Robot Framework for RPA basic syntax

Robot Framework code aims to be readable so that even an untrained eye can understand what the code does. Here is an example of a Robot Framework script:

*** Settings *** Documentation Enter weekly sales into the RobotSpareBin Industries Intranet. Library RPA.Browser.Selenium *** Variables *** ${URL}= *** Tasks *** Open the intranet site and log in Open the intranet website Log in *** Keywords *** Open the intranet website Open Available Browser ${URL} Log in Input Text username maria Input Password password thoushallnotpass Submit Form

Despite being close to natural language, many syntax rules need to be followed.


A typical Robot Framework script is divided into different sections:

SectionUsed for
*** Settings ***Importing test libraries, resource files, variable files. Adding metadata.
*** Variables ***Defining variables that can be used elsewhere in the script.
*** Keywords ***Definining user keywords that are specific to the script.
*** Tasks ***Creating tasks, calling one or more keywords.

Different sections are identified by their header row. The recommended header format is three asterisks, a space, the name of the section, a space, three asterisks: *** Settings ***. In addition to using the plural format, singular variants like Setting and Task are accepted.

Space-separated syntax

Between two "tokens", there need to be two or more spaces or one or more tab characters.

In this example:

*** Keywords *** Log in Input Text username maria

Before the keyword Input Text, and between it and each of its arguments (username and maria), you need to add more than one space for them to be recognized correctly by Robot Framework.

The number of spaces used as the separator can vary, as long as there are at least two; aligning the data nicely in *** Settings ***, and elsewhere, makes the data easier to understand. In our courses and examples, we are using four spaces as a convention.

Note: In addition to the more widely used space-separated one, Robot Framework also supports two other syntax formats: pipe separated and reStructured. In all our examples and reference material, we will use the space-separated format.


Lines starting with the # character are ignored by Robot Framework and are used for comments like in this example:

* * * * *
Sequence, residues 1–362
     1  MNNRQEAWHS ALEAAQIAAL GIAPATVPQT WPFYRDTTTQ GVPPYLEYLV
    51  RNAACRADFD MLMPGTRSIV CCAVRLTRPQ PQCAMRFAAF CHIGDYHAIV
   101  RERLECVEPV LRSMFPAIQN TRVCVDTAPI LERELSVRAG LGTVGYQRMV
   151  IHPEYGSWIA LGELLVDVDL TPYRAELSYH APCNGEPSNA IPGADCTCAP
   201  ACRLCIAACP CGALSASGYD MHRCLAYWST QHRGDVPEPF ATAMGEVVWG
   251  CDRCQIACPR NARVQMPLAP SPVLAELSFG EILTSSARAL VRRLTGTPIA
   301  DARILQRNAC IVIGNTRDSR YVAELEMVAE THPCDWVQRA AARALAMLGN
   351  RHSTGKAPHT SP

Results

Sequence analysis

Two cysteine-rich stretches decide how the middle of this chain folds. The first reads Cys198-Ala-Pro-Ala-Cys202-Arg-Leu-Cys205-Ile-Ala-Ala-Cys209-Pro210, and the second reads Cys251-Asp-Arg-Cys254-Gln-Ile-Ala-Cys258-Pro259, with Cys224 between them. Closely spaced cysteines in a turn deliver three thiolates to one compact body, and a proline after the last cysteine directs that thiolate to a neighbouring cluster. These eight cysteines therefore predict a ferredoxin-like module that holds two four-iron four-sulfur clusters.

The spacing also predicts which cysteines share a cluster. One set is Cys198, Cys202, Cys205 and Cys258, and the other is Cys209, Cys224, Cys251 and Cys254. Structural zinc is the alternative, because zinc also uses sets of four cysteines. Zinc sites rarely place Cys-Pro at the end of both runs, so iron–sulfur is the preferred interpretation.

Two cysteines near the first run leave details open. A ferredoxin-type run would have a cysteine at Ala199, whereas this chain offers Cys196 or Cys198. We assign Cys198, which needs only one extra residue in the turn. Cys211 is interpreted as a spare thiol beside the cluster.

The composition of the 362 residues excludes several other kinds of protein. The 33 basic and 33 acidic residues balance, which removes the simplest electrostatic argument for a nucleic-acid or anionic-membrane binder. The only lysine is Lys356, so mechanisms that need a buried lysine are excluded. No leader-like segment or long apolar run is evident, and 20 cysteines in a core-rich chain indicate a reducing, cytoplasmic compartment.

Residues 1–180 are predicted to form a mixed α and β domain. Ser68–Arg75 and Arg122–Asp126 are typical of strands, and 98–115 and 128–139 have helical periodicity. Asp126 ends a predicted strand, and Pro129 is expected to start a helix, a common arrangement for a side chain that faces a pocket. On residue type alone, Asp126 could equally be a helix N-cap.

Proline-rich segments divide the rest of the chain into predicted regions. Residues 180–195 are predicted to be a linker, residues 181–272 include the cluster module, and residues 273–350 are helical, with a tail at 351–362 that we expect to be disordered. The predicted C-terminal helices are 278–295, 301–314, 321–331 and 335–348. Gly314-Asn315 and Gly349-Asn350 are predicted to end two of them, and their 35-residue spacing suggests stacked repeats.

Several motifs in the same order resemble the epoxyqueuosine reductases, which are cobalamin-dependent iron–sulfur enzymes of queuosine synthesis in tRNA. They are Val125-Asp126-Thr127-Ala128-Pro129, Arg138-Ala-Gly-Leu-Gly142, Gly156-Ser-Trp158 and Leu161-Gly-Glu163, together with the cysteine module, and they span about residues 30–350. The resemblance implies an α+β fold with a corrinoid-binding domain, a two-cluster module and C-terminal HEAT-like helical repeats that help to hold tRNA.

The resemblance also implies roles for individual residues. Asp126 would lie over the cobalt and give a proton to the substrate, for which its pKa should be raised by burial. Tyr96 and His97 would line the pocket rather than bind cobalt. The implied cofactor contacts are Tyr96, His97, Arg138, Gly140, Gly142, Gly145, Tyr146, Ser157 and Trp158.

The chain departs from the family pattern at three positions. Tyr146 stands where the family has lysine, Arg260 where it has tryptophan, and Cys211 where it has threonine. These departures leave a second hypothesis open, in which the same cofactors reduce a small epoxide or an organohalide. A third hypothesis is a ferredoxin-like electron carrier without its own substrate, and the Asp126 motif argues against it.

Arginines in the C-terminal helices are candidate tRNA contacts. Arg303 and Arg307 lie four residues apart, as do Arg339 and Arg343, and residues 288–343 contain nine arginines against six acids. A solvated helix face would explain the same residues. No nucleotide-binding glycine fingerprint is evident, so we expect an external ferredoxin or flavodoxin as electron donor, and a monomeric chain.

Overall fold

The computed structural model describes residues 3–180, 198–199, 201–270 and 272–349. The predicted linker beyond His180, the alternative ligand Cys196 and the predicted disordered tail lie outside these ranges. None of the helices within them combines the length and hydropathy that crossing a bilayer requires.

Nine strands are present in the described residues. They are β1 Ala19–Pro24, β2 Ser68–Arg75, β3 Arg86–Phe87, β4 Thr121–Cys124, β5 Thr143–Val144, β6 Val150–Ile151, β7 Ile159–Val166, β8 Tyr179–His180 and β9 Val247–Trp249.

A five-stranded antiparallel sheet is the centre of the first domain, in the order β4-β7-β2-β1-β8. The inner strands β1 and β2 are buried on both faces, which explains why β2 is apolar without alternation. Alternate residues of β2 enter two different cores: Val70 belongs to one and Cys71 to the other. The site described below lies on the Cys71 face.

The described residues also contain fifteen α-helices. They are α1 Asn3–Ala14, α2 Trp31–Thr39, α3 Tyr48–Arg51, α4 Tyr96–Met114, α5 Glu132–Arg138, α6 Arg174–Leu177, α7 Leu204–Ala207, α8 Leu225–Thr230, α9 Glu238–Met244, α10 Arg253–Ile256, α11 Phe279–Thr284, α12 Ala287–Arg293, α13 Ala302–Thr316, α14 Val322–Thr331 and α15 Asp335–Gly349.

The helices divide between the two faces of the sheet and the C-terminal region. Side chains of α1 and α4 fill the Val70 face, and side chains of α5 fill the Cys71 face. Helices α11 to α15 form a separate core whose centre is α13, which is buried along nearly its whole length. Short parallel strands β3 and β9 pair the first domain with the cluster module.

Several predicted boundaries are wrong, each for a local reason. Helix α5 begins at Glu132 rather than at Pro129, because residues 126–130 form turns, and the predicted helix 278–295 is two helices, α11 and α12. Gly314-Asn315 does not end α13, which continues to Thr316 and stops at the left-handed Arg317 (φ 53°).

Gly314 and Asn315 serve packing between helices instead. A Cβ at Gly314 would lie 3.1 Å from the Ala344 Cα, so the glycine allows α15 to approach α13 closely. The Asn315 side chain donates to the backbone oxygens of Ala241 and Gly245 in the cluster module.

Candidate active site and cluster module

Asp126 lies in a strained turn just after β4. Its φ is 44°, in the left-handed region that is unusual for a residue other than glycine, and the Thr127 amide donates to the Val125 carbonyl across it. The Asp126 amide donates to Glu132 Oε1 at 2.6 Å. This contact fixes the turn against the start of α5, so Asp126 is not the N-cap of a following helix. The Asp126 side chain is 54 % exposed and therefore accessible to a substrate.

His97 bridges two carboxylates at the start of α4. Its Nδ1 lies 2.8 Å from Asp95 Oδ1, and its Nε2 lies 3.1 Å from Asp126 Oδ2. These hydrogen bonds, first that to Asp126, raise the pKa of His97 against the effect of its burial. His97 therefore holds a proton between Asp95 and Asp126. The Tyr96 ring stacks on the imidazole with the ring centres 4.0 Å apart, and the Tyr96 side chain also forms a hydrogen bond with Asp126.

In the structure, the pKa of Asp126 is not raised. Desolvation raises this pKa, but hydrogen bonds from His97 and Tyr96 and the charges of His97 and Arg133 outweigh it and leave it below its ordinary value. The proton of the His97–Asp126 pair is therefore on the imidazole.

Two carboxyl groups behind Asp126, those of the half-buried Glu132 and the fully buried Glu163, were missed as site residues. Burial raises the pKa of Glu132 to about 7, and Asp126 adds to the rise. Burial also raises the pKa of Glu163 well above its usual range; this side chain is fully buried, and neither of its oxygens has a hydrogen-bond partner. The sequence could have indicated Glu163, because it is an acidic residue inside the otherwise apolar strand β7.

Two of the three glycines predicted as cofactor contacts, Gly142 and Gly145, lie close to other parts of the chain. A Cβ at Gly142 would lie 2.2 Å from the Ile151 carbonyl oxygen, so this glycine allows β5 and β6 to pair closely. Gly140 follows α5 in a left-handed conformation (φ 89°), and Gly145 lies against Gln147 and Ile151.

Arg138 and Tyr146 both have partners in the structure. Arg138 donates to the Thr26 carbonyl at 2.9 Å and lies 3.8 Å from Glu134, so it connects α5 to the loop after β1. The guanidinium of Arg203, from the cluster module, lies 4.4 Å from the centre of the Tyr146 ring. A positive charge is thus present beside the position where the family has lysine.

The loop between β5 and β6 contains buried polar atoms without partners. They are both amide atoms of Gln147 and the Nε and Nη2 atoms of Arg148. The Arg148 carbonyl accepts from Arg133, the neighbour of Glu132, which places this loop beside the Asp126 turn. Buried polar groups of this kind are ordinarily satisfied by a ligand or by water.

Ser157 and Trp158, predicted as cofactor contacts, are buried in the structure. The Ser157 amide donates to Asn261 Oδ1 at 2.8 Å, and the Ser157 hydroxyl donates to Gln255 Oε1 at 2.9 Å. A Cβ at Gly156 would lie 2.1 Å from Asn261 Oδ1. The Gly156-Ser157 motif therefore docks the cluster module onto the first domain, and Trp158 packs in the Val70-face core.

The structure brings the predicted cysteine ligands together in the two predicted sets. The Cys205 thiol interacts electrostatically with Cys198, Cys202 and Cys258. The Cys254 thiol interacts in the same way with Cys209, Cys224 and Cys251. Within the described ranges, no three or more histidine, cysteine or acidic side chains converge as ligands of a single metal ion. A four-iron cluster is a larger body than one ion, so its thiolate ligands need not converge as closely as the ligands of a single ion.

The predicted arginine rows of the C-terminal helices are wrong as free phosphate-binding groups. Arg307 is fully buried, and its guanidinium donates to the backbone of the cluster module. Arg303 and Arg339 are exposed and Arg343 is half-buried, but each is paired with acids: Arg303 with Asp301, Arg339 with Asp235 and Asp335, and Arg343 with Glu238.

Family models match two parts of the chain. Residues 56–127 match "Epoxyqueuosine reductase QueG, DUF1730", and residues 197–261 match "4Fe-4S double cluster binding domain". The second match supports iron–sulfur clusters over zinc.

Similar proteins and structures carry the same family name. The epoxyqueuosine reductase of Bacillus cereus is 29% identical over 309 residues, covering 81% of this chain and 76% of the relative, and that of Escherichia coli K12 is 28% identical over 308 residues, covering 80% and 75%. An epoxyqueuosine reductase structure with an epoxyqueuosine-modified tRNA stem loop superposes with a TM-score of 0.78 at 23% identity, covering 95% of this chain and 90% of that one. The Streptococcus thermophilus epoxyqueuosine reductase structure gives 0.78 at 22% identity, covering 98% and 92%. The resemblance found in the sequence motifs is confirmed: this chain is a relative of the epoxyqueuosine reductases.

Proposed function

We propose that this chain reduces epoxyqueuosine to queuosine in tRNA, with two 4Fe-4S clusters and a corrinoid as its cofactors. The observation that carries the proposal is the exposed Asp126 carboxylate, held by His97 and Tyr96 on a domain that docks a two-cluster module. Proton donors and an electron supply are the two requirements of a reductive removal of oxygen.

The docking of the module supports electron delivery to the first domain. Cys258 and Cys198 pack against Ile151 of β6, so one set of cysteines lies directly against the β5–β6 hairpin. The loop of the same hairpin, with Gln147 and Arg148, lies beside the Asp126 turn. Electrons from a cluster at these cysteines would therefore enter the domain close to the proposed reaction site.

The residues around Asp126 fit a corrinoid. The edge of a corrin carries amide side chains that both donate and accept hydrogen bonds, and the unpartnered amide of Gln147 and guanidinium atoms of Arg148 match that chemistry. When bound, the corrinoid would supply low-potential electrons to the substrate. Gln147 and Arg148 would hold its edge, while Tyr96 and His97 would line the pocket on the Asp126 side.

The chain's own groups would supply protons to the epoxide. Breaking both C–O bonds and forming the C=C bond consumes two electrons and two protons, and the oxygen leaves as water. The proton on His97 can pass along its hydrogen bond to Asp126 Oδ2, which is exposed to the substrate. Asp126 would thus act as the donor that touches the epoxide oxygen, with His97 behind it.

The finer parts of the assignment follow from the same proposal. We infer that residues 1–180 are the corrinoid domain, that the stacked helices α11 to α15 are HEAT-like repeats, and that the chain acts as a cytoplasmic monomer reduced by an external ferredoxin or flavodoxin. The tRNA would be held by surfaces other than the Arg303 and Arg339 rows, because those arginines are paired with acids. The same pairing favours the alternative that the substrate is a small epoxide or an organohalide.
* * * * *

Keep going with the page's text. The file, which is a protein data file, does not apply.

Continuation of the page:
# This is a code comment. *** Settings *** Documentation Enter weekly sales into the RobotSpareBin Industries Intranet.


In case your data includes characters used by Robot Framework's syntax, you will need to escape it.

Escaping special characters

The backslash character can be used to escape special characters so that their literal values are used.

CharacterNeeds to be escaped becauseExamples
\$$ introduces a scalar variable\${notavariable}
\@@ introduces a list variable\@{notavariable}
\%% introduces a dictionary variable\%{notavariable}
\== used as part of the named argument syntaxnot\=namedargument
\## is used to start a line comment\# not comment

For example, if you have a variable that contains the value ${my_variable}, you will need to escape it with the backslash character: \${my_variable} before using it as an argument for a keyword.

Escape sequences

The backslash character also allows creating special escape sequences that are recognized as characters that would otherwise be hard or impossible to create in Robot Framework scripts.

\nNewline characterfirst line\nsecond line
\rCarriage returntext\rmore text

The Built-in variable ${\n} can be used if operating system dependent line terminator is needed (\r\n on Windows and \n elsewhere).

Handling empty values

Because Robot Framework's space-separated format uses a variable number of spaces to separate elements, empty values need to be escaped, either with the backslash character or the built-in variable ${EMPTY}. We recommend using the ${EMPTY} variable because it is more legible.

Here's how you can pass empty arguments to a keyword called Do Something that accepts two arguments:

*** Tasks *** Escape empty argument using backslash Do Something first arg \ Do Something \ second arg *** Tasks *** Escape empty argument using ${EMPTY} Do Something first arg ${EMPTY} Do Something ${EMPTY} second arg

Handling spaces

If you need to explicitly handle empty spaces as arguments of a keyword, you will need to escape them. Similarly, as when escaping empty values, it is possible to do that either by using the backslash character or by using the built-in variable ${SPACE}.

| Escaping with backslash | Escaping with ${SPACE} | | ------------------------ | ------------------------------- | --- | | \ leading space  | \${SPACE}leading space | | trailing space \ | trailing space${SPACE} | | \ \ | ${SPACE} |     | | consecutive \ \ spaces | consecutive${SPACE * 3}spaces |

Splitting data into several rows

If your content does not fit in one line, you can split the line and create continuing rows with the ellipsis (...) sign. Ellipses can be indented to match the starting row's indentation and must always be followed by one or more spaces.

*** Settings *** Documentation Here we have documentation for this robot. ... Documentation is often quite long, and ... ... It can also contain multiple paragraphs. *** Variables *** @{LIST} this list is quite long and ... items in it can also be long *** Tasks *** Example Do X first argument second argument third argument ... fourth argument fifth argument sixth argument ${var} = Get X ... first argument passed to this keyword is pretty long ... second argument passed to this keyword is long too
Last edit: February 26, 2021